This is part two of our three-part conversation with retired United States judge John Facciola, among the foremost authorities on the relationship between technology and law. Part one is here. Below we discuss the appropriate role of the judiciary in facilitating discovery and attempting to assure the efficacy of search methodologies.
Logikcull: I want to ask you about some recent trends in eDiscovery. In O’Keefe, you famously expressed concern about the ability of lawyers and judges to assess the efficacy of search terms without the benefit of expert testimony. In light of that, I’m wondering what you think about what appears, to me at least, to be a more active judicial involvement in assessing the validity of competing search methodologies.
Hon. John Facciola: When I was writing about this, lawyers were just pulling keywords out of the sky. And I don’t know if I’ve said this in my opinions, but I’ve certainly said this publicly: there are some lawyers who think they are experts in search because they once used Google to find a Chinese restaurant in San Francisco that served dim sum that was open on Sundays. That doesn’t make you an expert. Sometimes use of keyword searches, as (US Magistrate) Judge Andrew Peck said in his wonderful opinion, resembles a poor game of “go fish.”
“There are some lawyers who think they are experts in search because they once used Google to find a Chinese restaurant in San Francisco.”
So the first thing we have to understand is our own inadequacies. On the other side of the coin, there have been extraordinary and dramatic developments in new technology, both inside and outside the legal field, that make searching much more efficient. In terms of where the judiciary is, I think we’re feeling our way. Under traditional analysis of the discovery rules, one party says “I want this” and the other says “you can look at it.” And the judge’s role was insignificant. Now the party says, “I have this database. It’s 2 million documents. I intend to search it using the following methodology.” At that point, the traditional analysis would be: Well, you search this as you see fit, you make your production, we (the other side) will assess the validity of the production after you produce it. The rules only require, at least in a paper universe, that you permit the copying of the information that is requested. There’s nothing in the rules that mandates the manner under which you search it.
But by the same token, I can understand why judges may want to be involved at the get go because there’s this terrifying fear that if we do it and we do it wrong, we’ll have to do it all over again. This happened in the Biomet case, so that explains to me judicial involvement. But I can understand the argument that never before in the history of discovery have we focused on how someone searches. We usually only looked at the results and assessed their significance if a complaint arose by one side or the other that the search was insufficient because it failed to produce what everyone would expect to be there.
“Never before in the history of discovery have we focused on how someone searches.”
To answer your question, it’s a very complicated matter. You’re really walking a tightrope between two terrible alternatives. One is, you don’t get involved and you have to go through the process all over again at twice the expense. Or you do get involved and you bring the process to a screeching halt because now it becomes a judiciary super-process — and that’s a landmark difference in the way the question of document production requirements has always been approached.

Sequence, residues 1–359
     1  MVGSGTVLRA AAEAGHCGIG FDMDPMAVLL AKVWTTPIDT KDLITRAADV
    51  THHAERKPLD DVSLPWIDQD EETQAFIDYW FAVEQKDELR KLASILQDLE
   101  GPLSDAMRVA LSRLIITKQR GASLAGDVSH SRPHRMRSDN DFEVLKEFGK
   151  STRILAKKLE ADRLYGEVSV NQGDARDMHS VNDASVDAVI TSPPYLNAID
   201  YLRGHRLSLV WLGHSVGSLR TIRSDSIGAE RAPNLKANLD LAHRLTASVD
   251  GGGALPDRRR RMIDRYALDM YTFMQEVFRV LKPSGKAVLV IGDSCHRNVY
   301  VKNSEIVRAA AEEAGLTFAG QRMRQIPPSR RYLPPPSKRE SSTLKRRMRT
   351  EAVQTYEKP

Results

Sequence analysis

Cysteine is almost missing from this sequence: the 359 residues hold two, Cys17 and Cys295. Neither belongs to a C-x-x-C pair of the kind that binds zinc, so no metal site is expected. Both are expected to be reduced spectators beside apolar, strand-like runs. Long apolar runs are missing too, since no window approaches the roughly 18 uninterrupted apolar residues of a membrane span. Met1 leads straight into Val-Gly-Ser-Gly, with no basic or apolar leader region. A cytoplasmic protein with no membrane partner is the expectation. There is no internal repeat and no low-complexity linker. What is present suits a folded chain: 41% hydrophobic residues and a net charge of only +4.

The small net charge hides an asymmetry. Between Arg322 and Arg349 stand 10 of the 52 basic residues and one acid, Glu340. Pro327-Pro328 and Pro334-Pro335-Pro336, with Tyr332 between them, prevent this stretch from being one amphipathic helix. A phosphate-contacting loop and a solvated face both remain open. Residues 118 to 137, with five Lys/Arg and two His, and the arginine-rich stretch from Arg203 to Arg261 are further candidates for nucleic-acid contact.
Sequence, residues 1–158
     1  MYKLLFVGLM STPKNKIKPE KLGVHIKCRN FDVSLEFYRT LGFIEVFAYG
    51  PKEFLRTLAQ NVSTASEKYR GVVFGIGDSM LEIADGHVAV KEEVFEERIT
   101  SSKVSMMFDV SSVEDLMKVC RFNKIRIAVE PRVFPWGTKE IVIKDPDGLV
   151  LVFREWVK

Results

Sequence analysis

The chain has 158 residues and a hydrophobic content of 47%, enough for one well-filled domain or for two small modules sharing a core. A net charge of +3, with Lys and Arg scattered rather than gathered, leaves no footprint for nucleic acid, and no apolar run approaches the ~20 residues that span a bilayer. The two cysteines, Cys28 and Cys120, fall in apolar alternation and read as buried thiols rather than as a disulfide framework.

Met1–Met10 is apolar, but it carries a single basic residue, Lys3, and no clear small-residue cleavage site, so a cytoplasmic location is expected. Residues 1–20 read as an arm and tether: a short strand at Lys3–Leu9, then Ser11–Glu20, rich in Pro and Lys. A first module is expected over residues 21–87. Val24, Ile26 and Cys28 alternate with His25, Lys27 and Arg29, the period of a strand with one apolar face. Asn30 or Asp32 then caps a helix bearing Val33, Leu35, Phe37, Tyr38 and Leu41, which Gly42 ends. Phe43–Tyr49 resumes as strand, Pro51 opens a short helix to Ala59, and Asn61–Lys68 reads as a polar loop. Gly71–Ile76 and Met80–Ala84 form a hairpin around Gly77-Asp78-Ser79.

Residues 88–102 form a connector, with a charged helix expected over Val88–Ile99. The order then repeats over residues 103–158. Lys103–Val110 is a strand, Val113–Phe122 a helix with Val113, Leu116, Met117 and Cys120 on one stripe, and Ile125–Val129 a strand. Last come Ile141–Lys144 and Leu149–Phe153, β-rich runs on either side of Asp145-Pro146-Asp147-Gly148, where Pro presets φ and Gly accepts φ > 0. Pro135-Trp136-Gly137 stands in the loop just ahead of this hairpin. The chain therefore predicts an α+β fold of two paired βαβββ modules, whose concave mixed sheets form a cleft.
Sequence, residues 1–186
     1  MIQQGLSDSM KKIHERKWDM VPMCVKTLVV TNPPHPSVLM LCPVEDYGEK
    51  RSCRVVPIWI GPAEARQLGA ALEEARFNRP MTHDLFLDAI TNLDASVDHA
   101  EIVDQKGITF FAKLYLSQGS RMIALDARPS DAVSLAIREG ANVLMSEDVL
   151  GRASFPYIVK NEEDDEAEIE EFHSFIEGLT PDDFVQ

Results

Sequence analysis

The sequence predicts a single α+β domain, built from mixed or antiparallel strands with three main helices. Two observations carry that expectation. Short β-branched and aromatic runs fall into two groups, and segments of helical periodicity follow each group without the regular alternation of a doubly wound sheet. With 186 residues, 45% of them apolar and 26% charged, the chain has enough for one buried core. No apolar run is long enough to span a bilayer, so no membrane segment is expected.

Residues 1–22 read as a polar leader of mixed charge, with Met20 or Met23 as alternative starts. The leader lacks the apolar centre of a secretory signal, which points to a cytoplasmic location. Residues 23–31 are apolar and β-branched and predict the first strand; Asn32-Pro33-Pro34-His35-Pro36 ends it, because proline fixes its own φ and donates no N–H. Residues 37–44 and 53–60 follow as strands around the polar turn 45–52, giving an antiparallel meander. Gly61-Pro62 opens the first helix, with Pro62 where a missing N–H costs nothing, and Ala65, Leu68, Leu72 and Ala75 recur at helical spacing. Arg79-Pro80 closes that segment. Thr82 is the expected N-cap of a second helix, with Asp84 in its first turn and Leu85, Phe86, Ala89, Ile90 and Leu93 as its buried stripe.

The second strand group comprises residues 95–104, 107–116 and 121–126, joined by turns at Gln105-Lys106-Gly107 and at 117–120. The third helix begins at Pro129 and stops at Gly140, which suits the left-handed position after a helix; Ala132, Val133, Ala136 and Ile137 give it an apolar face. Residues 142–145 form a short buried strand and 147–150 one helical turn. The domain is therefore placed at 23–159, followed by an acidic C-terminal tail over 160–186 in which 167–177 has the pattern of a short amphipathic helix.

Logikcull: Do you think Daubert should apply to predictive coding? (Editor’s note: The question is asking whether the judge thinks courts have the duty to act as gatekeepers to seek to assure that search methodologies using predictive coding produce relevant, reliable evidence — specifically, by vetting the qualifications of expert witnesses who testify to the efficacy of the predictive coding mechanism. There is a split of opinion as to whether search methods employing predictive coding should be bound by Daubert, which applies to Federal Rule of Evidence 702 — and if they do, who (or what) would be qualified to give credible testimony as to the predictive coding machine’s inputs, application and results.)
JF: I, certainly in my opinions, particularly in O’Keefe, express my concern in using keywords without a sophisticated understanding of statistics. But now keyword deficiencies have been documented in the literature of the TREC process and so forth. The use of technology assisted review and use of algorithms is the coming way. So I still believe that the question of the validity of the search and whether it can be reasonably expected to have been done the way it should have been done is a matter beyond the ken of a layman under rule 701 of the Federal Rules of Evidence, and it may require that an expert speak to the validity of the search.
“Certainly I have no idea, nor do most judges, if the particular use of a particular algorithm meets the standards that a statistician would impose.”
Certainly I have no idea, nor do most judges, if the particular use of a particular algorithm meets the standards that a statistician would impose. I don’t see how that is anything but an expertise that is beyond the judge’s ken and beyond the layperson’s ken — and requires expert testimony. Judge Waxse agrees with me in an article he wrote, and I have great confidence in him.
As told to Robert Hilson, a director at Logikcull. He can be reached at firstname.lastname@example.org. The photo in this post is courtesy of the National Law Journal.